Holden Calais 2018 v tourer

2018 Holden Calais-V Tourer review

Rating: 7.7
$26,920 $32,010 Dealer
  • Fuel Economy
  • Engine Power
  • CO2 Emissions
  • ANCAP Rating
Holden spins its upmarket wagon into an all-road adventurer with the Calais-V Tourer. Following a formula familiar to Adventra owners thanks to all-paw grip and SUV styling, the Tourer serves the needs of Aussie families in a new way for the Lion brand.
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This is a Commodore. Like it or not, that’s the name Holden picked for its latest range of family cars, despite the multitude of differences between this car and its predecessor.

There have been some changes arguably for the best, like the Calais wagon’s transformation into a high(ish)-riding SUV – in a play for popularity – now called the Tourer. Other changes, sure to be less popular, include the loss of rear-wheel drive and the move to a fully imported model range.

You can only play the cards you’ve been dealt, though, right? In Holden’s case, while the Commodore and Calais might be based off the Opel Insignia, the local arm has tried its best to give an Aussie flavour to the new car through chassis and suspension tuning developed specifically for Australia.

Even the V6 engine, the sole powertrain available for the Tourer body style, was included at Holden’s request to supplement the turbo petrol and turbo diesel four-cylinder engines available in non-Tourer variants of the Commodore.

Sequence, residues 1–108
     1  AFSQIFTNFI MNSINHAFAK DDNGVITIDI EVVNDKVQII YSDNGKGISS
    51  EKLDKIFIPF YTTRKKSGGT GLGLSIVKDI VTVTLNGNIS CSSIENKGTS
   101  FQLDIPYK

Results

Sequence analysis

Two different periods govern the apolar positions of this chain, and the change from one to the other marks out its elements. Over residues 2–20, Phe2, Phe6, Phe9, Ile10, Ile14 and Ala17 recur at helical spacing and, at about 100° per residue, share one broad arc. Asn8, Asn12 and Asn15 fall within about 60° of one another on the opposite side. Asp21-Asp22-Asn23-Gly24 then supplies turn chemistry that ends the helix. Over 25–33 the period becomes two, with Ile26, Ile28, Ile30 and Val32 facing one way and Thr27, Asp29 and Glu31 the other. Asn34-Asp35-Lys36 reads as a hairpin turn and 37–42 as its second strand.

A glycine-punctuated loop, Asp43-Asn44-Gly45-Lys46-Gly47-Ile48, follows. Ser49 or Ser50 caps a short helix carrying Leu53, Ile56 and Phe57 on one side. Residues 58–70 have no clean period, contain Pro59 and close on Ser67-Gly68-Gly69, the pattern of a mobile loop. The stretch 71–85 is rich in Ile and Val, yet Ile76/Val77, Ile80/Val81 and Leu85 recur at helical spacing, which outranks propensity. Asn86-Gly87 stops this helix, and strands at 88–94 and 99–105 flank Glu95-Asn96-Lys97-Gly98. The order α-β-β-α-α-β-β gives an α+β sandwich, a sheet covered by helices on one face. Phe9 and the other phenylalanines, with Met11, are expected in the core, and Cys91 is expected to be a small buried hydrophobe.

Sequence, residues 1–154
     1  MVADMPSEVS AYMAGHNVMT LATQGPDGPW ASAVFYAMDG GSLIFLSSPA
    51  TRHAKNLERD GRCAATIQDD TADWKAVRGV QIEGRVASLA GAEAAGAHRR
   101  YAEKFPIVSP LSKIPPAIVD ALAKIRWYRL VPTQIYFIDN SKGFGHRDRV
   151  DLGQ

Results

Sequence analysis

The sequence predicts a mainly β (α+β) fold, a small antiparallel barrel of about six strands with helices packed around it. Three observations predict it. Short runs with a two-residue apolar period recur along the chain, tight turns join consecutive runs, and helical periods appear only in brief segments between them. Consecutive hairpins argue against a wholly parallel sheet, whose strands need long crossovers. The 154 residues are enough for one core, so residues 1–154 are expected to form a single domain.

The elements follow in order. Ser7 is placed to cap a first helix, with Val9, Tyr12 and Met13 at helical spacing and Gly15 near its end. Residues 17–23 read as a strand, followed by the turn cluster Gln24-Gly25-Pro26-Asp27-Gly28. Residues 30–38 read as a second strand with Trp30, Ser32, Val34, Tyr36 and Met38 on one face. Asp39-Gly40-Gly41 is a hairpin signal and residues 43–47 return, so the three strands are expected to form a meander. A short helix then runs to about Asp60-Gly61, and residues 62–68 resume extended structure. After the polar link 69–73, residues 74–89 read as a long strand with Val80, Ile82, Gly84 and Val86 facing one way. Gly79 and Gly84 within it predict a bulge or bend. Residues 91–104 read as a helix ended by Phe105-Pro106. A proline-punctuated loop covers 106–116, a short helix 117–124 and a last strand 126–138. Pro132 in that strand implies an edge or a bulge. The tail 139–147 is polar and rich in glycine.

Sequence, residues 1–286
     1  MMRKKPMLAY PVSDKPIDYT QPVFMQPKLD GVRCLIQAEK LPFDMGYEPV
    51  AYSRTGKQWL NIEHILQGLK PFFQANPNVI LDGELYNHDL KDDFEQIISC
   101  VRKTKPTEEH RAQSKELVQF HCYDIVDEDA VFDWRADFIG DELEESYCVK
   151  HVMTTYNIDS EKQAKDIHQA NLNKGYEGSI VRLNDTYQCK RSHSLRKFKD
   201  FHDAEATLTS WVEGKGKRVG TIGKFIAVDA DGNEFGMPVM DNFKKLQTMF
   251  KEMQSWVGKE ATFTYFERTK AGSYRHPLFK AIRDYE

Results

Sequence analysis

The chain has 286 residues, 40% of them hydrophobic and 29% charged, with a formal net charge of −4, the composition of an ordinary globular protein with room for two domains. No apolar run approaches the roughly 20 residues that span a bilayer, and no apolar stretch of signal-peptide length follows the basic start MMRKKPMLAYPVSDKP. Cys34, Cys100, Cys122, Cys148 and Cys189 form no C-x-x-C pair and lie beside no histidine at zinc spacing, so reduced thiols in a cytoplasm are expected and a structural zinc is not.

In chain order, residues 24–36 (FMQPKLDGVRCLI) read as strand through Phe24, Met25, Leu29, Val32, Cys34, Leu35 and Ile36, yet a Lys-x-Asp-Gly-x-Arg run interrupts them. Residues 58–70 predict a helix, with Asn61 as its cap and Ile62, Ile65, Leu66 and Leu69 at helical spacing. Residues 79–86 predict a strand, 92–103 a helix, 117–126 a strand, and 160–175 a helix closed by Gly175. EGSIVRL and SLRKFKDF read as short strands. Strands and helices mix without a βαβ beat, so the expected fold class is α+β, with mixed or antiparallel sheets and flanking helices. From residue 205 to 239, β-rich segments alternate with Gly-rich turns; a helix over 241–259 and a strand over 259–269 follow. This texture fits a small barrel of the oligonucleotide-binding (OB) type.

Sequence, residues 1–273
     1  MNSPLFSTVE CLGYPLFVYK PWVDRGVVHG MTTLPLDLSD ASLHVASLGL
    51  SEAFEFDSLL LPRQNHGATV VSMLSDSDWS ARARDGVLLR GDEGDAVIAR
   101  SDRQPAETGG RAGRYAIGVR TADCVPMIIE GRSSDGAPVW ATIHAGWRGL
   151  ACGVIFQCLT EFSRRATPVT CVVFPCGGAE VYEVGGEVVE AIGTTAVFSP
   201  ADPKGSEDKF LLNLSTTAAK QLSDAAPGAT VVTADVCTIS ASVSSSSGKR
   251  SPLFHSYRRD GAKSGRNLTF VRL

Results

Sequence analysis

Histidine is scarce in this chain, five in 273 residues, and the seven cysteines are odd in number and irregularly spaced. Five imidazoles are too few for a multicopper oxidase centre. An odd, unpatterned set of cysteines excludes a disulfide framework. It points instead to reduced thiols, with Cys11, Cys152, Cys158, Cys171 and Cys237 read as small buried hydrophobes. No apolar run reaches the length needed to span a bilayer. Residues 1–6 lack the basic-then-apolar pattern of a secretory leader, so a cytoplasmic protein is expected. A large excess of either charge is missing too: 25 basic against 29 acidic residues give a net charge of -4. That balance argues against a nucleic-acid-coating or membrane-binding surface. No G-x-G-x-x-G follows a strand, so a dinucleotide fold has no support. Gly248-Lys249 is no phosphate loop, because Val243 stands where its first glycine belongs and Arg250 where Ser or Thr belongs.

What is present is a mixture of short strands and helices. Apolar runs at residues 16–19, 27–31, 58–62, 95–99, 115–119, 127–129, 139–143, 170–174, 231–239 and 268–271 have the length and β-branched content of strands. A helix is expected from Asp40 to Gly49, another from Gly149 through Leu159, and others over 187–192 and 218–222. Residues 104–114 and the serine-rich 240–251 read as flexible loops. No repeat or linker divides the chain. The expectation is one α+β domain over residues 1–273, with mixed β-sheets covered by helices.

As the flagship wagon, the Calais-V Tourer starts at a very premium $53,990 plus on-road costs. The only available option is $550 premium paint, and everything else you would need or want comes loaded as standard.

Some of the new equipment that arrives with the new generation includes a power-operated tailgate with hands-free opening, panoramic sunroof, ventilated front seats, heated rear seats, adaptive LED headlights, autonomous emergency braking, and distance-keeping cruise control – all firsts for the Commodore range.

Those additions alone help justify the $3240 price premium the new Calais-V Tourer carries over the old Calais-V Sportwagon, not to mention its pricing step up compared to the Subaru Outback 3.6R ($49,140) and Volkswagen Passat Alltrack ($51,290), along with being more powerful than both.